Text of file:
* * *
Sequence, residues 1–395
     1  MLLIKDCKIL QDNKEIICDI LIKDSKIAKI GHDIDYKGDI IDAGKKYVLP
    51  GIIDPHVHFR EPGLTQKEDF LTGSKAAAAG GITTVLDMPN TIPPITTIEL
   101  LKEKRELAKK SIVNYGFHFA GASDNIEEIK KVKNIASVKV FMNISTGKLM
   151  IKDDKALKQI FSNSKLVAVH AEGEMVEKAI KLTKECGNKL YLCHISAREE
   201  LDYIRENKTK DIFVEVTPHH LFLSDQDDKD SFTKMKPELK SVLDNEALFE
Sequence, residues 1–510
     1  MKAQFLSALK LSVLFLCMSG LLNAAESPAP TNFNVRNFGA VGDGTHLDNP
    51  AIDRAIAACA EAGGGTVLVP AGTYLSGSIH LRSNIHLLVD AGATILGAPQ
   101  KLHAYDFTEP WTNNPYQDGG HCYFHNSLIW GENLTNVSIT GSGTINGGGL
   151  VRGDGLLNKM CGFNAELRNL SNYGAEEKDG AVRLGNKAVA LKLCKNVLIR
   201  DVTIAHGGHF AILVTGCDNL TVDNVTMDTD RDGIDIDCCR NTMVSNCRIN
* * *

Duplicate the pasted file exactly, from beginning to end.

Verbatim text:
Sequence, residues 1–395
     1  MLLIKDCKIL QDNKEIICDI LIKDSKIAKI GHDIDYKGDI IDAGKKYVLP
    51  GIIDPHVHFR EPGLTQKEDF LTGSKAAAAG GITTVLDMPN TIPPITTIEL
   101  LKEKRELAKK SIVNYGFHFA GASDNIEEIK KVKNIASVKV FMNISTGKLM
   151  IKDDKALKQI FSNSKLVAVH AEGEMVEKAI KLTKECGNKL YLCHISAREE
   201  LDYIRENKTK DIFVEVTPHH LFLSDQDDKD SFTKMKPELK SVLDNEALFE
Sequence, residues 1–510
     1  MKAQFLSALK LSVLFLCMSG LLNAAESPAP TNFNVRNFGA VGDGTHLDNP
    51  AIDRAIAACA EAGGGTVLVP AGTYLSGSIH LRSNIHLLVD AGATILGAPQ
   101  KLHAYDFTEP WTNNPYQDGG HCYFHNSLIW GENLTNVSIT GSGTINGGGL
   151  VRGDGLLNKM CGFNAELRNL SNYGAEEKDG AVRLGNKAVA LKLCKNVLIR
   201  DVTIAHGGHF AILVTGCDNL TVDNVTMDTD RDGIDIDCCR NTMVSNCRIN